Addressing challenges: Canada’s National Shipbuilding Strategy—2019 annual report

Navigation for Canada’s National Shipbuilding Strategy: 2019 annual report

The Government of Canada (GC) is continuously working in concert with shipyards to monitor improvements in shipyard productivity, manage and adhere to timelines, and to closely monitor costs, all while investigating and implementing opportunities to minimize any potential work disruptions related to fluctuations in production.

Earlier this year, the GC and its shipbuilding partners demonstrated how the National Shipbuilding Strategy (NSS) provided the flexibility in addressing these challenges. For example, fluctuations in production and sustaining a skilled workforce at shipyards have been mitigated by re-sequencing the joint support ship (JSS) and offshore oceanographic science vessel projects, as well as adding the construction of a sixth Arctic and offshore patrol ship (AOPS). This allowed for uninterrupted work at the shipyard, mitigating the risk of potential layoffs and fluctuations in production between builds.

In 2019, the government faced new challenges with emerging shipbuilding needs. In order to ensure capacity to deliver important services that save lives, protect the environment, and help our economy grow, while keeping Canada’s waters safe, secure, and open, the Canadian Coast Guard (CCG) needed new vessels to do their important work. In May 2019, the GC announced the construction of up to 18 new large vessels to renew the CCG fleet:

Adding these vessels will keep both shipyards working to capacity until the late 2030s to 2040s. This long production run will better allow shipyards to generate efficiencies that will ultimately benefit Canada, ensure greater workforce stability, and minimize production slow-downs.

With urgent icebreaking needs and to support future shipbuilding requirements, and attract more talent and good jobs to communities through the country, the GC launched a competitive process to add a third Canadian shipyard as a strategic source of supply. The shipyard will be called to build 6 new program icebreakers for the CCG. The addition of a third shipyard will also increase the capacity to deliver new vessels in a timely manner.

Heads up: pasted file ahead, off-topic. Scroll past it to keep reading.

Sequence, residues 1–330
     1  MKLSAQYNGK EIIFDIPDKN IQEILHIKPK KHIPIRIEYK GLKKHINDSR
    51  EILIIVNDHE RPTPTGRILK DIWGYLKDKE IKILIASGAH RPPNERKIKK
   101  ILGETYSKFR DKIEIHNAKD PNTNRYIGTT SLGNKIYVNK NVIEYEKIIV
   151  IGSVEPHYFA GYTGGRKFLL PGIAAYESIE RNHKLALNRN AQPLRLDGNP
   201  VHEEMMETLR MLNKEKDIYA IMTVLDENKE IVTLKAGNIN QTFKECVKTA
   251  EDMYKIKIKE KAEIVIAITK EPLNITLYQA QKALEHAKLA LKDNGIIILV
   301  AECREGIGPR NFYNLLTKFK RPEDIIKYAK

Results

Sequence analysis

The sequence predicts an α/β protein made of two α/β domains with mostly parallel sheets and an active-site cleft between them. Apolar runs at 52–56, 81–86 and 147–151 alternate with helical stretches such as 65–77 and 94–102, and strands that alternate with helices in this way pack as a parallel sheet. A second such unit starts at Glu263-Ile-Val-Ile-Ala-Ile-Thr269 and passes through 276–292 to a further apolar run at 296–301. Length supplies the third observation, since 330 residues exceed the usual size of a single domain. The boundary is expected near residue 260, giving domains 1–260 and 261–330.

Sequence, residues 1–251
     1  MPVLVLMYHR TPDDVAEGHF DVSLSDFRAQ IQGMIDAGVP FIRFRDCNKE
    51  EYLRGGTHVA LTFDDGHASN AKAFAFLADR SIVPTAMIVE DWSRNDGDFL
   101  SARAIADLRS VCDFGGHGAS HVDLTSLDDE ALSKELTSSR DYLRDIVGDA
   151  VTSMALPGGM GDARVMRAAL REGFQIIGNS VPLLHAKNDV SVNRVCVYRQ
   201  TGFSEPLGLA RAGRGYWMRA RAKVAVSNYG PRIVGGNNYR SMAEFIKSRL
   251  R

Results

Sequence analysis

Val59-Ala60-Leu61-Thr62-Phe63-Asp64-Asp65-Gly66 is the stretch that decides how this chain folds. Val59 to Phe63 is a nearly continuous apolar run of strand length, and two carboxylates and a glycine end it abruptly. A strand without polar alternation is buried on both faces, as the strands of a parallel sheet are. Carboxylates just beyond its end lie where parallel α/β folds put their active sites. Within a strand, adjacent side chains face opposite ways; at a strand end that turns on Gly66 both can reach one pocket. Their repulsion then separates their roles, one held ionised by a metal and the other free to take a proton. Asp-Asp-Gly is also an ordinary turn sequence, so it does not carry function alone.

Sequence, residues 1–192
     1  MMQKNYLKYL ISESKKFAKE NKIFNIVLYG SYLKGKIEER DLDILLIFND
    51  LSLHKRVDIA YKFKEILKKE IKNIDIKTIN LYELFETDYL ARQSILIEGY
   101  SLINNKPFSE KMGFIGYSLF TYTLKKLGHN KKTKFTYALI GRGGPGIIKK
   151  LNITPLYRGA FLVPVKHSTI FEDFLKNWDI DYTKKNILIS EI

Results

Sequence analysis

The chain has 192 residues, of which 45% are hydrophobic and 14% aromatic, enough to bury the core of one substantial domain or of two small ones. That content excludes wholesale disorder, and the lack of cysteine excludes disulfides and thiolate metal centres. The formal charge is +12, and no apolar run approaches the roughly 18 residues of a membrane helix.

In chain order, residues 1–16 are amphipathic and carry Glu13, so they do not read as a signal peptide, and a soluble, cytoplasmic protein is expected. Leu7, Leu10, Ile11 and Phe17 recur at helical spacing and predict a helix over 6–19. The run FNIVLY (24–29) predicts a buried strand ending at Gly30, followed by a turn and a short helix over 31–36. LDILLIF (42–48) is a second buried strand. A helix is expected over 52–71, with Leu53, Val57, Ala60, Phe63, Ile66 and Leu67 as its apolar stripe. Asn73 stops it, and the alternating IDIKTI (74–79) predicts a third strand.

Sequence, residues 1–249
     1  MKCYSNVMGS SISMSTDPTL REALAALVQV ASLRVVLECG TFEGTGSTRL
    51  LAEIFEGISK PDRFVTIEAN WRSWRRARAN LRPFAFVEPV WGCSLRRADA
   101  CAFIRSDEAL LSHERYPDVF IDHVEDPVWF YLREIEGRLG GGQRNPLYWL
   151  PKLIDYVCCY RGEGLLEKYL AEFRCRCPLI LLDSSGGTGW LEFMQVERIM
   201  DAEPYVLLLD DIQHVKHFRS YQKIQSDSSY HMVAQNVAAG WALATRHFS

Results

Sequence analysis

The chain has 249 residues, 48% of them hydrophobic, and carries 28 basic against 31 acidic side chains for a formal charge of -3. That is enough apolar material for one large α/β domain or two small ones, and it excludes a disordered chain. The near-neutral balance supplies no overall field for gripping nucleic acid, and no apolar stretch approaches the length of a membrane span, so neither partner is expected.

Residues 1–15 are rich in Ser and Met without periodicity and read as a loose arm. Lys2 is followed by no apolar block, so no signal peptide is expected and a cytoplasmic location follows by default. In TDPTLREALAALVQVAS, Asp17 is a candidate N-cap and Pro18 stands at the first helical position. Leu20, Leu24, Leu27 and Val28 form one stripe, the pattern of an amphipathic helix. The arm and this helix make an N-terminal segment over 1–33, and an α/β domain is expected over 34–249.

Furthermore, the GC continued to address current and future fleet maintenance needs by announcing new contracts for the maintenance of the Royal Canadian Navy’s (RCN) 12 Halifax-class frigates. Initial contracts worth $1.5 billion were awarded to ISI, Seaspan’s Victoria Shipyard and Chantier Davie. These shipyards will provide the necessary ongoing maintenance for the frigates until they are retired in the 2040s. These contracts are expected to create and sustain an estimated 400 direct jobs at each of the 3 respective shipyards and hundreds of spin-off jobs for material suppliers and sub-contractors.

The next classes of ships to be built, the Canadian surface combatants at ISI and the JSS at VSY, are highly complex projects. One of the challenges to be addressed in order to avoid fluctuations in production at the shipyards is a current shortage of experienced white and blue collar labour in the shipbuilding industry. Furthermore, it was previously acknowledged that original budgets for large vessel construction projects were set many years ago and were guided by limited experience and projections. Budgets have been updated, through the benefit of actual build experience at the yards, and continue to be closely monitored. For some large vessel construction projects, budgets remain under review and adjustments may be necessary.

We continue to leverage lessons learned to ensure future projections are realistic and achievable.

Navigation for Canada’s National Shipbuilding Strategy: 2019 annual report

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